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There and Back Again: On Applying Data Reduction Rules by Undoing Others

Authors Aleksander Figiel, Vincent Froese, André Nichterlein , Rolf Niedermeier



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Author Details

Aleksander Figiel
  • Algorithmics and Computational Complexity, Technische Universität Berlin, Germany
Vincent Froese
  • Algorithmics and Computational Complexity, Technische Universität Berlin, Germany
André Nichterlein
  • Algorithmics and Computational Complexity, Technische Universität Berlin, Germany
Rolf Niedermeier
  • Algorithmics and Computational Complexity, Technische Universität Berlin, Germany

Acknowledgements

This work is based on the first author’s master’s thesis. In memory of Rolf Niedermeier, our colleague, friend, and mentor, who sadly passed away before this paper was published.

Cite AsGet BibTex

Aleksander Figiel, Vincent Froese, André Nichterlein, and Rolf Niedermeier. There and Back Again: On Applying Data Reduction Rules by Undoing Others. In 30th Annual European Symposium on Algorithms (ESA 2022). Leibniz International Proceedings in Informatics (LIPIcs), Volume 244, pp. 53:1-53:15, Schloss Dagstuhl - Leibniz-Zentrum für Informatik (2022)
https://doi.org/10.4230/LIPIcs.ESA.2022.53

Abstract

Data reduction rules are an established method in the algorithmic toolbox for tackling computationally challenging problems. A data reduction rule is a polynomial-time algorithm that, given a problem instance as input, outputs an equivalent, typically smaller instance of the same problem. The application of data reduction rules during the preprocessing of problem instances allows in many cases to considerably shrink their size, or even solve them directly. Commonly, these data reduction rules are applied exhaustively and in some fixed order to obtain irreducible instances. It was often observed that by changing the order of the rules, different irreducible instances can be obtained. We propose to "undo" data reduction rules on irreducible instances, by which they become larger, and then subsequently apply data reduction rules again to shrink them. We show that this somewhat counter-intuitive approach can lead to significantly smaller irreducible instances. The process of undoing data reduction rules is not limited to "rolling back" data reduction rules applied to the instance during preprocessing. Instead, we formulate so-called backward rules, which essentially undo a data reduction rule, but without using any information about which data reduction rules were applied to it previously. In particular, based on the example of Vertex Cover we propose two methods applying backward rules to shrink the instances further. In our experiments we show that this way smaller irreducible instances consisting of real-world graphs from the SNAP and DIMACS datasets can be computed.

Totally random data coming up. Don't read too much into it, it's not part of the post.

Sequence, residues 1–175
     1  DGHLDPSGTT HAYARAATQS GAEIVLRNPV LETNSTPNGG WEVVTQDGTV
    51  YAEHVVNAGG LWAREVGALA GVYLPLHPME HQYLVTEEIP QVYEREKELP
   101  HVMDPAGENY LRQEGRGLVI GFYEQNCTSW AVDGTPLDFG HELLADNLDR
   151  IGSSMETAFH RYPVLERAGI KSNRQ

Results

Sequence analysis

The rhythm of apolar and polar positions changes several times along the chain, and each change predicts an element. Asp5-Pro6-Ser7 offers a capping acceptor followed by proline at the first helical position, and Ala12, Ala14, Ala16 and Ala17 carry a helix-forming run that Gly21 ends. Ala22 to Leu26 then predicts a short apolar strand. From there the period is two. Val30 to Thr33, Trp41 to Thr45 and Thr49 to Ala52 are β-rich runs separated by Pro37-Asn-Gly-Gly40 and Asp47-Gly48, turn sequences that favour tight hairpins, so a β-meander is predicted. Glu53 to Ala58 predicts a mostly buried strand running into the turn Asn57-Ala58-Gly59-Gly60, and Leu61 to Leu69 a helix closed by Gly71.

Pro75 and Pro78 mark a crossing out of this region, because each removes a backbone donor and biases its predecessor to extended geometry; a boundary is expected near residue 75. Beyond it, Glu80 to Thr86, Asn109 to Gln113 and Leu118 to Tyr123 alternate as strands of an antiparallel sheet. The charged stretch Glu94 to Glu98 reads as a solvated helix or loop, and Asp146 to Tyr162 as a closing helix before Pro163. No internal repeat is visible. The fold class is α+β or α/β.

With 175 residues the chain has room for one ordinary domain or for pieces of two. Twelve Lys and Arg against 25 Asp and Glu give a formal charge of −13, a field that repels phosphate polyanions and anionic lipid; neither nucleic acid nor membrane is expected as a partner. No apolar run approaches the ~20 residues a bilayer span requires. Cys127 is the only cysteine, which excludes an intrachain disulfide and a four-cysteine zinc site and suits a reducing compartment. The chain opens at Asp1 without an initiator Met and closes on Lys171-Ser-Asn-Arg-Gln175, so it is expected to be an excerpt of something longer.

Subject Classification

ACM Subject Classification
  • Theory of computation → Graph algorithms analysis
  • Theory of computation → Parameterized complexity and exact algorithms
  • Theory of computation → Branch-and-bound
Keywords
  • Kernelization
  • Preprocessing
  • Vertex Cover

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References

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